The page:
Jacques Moolman, president of the Cape Chamber of Commerce and Industry
Zolani Matthews, the latest chief executive of the Passenger Rail Agency of South Africa (Prasa) faces a task as daunting as that faced by Hercules.
Scholars of classical mythology will recall that Hercules was the mythical strong man ordered to clean enormous heaps of manure from the Royal Augean Stables which held 3 000 oxen, and which had not been cleaned for 30 years.
Hercules eventually diverted a river to wash them clean. Mr Mathews does not have such a quick-fix option. But no doubt fixing Prasa needs something just as heroic as the exertions of Hercules.
Vandalism of rail infrastructure from copper cable to the steel rail lines is the least of it. Comprising the metaphorical ordure are land invasions of the tracks themselves; the flourishing business of supplying shack-building materials and claiming rent from the occupants on land they do not own is another twist in the anarchic spiral; and, not to forget, the gargantuan mess within the structures of Prasa itself – politely described as a “lack of capacity” instead of the “hotbed of corruption” it has become.
Parliament’s transport oversight committee told Mr Mathews that it was “No time for velvet gloves” – to which every employer in the private sector in Cape Town can only respond with hearty approval.
Leaving aside the elephant in the room that is the determination of sundry taxi operators to ensure that the commuter rail system never recovers sufficiently to put a dent in the windfall profits they have enjoyed since the Prasa implosion, there is the very real doubt that there is anyone left within Prasa capable of doing what needs to be done.
Take solving the simple problem of the graffiti that adorns so many carriages that limp out along the southern peninsula line to Simon’s Town. This is not only one of the best scenic routes of any railway, but it also once relieved the city streets of thousands of motor cars when office commuters could rely on its pinpoint timetable.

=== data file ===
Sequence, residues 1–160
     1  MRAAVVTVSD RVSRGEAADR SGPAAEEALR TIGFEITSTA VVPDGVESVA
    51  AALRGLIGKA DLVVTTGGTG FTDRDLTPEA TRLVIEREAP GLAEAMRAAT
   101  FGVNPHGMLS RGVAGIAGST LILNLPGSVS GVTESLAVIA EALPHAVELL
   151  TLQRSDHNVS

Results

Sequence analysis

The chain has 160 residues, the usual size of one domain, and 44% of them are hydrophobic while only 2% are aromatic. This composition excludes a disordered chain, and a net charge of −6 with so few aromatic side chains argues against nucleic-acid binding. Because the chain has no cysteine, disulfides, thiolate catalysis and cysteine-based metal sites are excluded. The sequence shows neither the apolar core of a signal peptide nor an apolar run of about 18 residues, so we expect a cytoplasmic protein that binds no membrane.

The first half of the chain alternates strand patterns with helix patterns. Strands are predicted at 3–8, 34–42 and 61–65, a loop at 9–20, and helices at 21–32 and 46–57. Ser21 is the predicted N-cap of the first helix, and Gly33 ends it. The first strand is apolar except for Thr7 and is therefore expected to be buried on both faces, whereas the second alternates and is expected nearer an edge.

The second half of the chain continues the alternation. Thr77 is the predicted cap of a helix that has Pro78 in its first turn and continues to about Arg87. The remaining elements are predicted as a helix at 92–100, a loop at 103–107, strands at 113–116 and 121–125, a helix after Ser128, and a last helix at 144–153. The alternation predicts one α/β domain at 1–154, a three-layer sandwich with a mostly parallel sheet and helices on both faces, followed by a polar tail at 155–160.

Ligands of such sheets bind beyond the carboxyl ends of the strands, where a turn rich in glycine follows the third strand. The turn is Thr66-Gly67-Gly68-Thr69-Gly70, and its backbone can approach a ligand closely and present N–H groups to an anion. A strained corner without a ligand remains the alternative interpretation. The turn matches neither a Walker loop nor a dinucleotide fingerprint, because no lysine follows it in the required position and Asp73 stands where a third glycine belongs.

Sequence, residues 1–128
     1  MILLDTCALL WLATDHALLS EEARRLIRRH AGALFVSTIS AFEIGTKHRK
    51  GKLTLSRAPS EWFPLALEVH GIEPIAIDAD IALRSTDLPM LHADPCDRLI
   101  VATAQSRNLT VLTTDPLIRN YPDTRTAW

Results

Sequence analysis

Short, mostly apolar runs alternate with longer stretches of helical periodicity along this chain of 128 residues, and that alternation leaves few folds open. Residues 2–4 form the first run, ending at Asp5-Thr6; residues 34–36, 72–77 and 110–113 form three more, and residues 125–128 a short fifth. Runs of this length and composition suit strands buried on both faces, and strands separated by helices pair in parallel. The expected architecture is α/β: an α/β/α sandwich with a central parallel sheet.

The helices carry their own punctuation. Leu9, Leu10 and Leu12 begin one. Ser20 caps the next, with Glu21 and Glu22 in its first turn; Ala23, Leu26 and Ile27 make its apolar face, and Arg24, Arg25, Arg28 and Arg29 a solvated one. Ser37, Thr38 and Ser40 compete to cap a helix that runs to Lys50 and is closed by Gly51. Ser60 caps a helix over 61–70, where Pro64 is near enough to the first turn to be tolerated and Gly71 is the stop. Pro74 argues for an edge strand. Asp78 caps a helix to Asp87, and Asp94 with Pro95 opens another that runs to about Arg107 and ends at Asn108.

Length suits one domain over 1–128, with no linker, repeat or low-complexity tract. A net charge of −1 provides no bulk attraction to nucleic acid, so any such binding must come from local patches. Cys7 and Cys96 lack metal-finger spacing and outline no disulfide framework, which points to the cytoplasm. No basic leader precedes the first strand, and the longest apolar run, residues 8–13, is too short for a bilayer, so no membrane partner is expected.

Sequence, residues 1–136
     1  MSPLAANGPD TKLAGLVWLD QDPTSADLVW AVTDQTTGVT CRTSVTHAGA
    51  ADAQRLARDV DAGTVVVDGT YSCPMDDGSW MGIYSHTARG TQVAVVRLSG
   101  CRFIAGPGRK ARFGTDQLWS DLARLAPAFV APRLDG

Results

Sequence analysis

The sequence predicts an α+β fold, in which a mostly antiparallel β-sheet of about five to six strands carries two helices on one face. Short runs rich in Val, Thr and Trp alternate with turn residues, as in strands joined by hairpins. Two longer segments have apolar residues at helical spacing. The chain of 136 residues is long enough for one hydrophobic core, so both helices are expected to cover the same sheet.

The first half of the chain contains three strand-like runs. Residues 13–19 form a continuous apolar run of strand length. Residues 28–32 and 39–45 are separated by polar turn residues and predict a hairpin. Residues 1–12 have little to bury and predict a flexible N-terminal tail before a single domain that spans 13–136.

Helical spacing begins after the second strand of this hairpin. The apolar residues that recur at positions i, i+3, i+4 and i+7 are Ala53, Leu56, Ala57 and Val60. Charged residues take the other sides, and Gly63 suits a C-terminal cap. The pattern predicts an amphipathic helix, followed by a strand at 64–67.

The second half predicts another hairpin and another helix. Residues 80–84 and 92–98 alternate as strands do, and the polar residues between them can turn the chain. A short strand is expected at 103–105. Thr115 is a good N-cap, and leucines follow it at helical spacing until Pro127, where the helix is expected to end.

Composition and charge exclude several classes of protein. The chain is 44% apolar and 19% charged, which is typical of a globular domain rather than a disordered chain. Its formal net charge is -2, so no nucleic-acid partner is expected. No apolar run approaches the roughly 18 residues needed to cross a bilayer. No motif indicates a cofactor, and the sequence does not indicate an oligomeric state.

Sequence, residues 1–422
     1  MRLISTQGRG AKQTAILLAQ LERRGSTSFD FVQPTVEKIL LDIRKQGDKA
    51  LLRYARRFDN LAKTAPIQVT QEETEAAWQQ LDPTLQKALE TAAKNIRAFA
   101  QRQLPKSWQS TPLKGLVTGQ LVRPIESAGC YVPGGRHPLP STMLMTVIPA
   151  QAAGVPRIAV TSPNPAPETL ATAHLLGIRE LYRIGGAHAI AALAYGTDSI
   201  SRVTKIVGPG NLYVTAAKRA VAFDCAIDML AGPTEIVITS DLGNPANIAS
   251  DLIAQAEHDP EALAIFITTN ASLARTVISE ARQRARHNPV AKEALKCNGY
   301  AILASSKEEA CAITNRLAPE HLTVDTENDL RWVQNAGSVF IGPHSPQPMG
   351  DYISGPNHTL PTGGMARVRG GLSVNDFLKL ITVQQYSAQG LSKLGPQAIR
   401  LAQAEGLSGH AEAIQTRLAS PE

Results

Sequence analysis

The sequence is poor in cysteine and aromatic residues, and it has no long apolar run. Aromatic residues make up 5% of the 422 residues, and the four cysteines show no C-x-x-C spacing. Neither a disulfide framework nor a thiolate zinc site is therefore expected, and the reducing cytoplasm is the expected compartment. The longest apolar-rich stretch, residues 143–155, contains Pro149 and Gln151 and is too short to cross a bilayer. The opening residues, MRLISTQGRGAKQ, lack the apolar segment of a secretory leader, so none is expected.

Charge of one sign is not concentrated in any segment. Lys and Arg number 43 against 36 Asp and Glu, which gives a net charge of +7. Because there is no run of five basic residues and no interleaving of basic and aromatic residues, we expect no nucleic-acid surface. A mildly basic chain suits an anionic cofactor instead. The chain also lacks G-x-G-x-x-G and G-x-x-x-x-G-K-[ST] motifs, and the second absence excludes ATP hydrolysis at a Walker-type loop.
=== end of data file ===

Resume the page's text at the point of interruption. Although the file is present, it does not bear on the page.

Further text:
Today, commuters have abandoned the railway line. It has become unsafe and unreliable – quite apart from being filthy and smelly much of the time. It used to be safe for children. Not anymore.
But back to the graffiti problem. Observers note that these artistic creations are often multi-coloured and appear to be applied by spray guns that require electricity-driven compressors.
They also note that the coverage of the carriages is almost total. Ergo, many litres of paint in many colours are needed, plus an uninterrupted electricity supply, many brushes, paint pots, and (presuming that these artists work at night) floodlights by which to work.
This considerable endeavour must take more than an hour, not including setting up the scaffolding needed.
While all this is going on, where are the security guards? Do they exist? We know they are paid, but do they patrol the marshalling yards at night? Does no one managing these yards find it odd that these major artworks can be done without being discovered?
So many mysteries, but typical of the Alice in Wonderland world where Prasa management lives.
Then there is the mystery of how it is that once decorated by the spray gun artists, the afflicted carriages remain like that forever? Perhaps the answer is that no one cares.
So, while everyone must hope that the new CEO of Prasa manages to turn around this sinking ship, fill all its obvious holes, repel the pirates, and get it safely into a dry dock to be refurbished, there is a chance for a quick win: fix the graffiti on the running trains. Keep them spic and span and safe as they once were.
It may seem a small thing, but as a famous New York mayor discovered when making it a priority to fix every broken pane of glass in the city, small things can have an amazing effect.
Who knows? It might even raise Prasa staff morale. That can only be a good start to fixing the really big things like getting the central line operational. Granted there is the opposition of the taxi operators to be faced, but that problem too could be fixed by some lateral thinking.
The very best of luck, Mr Matthews.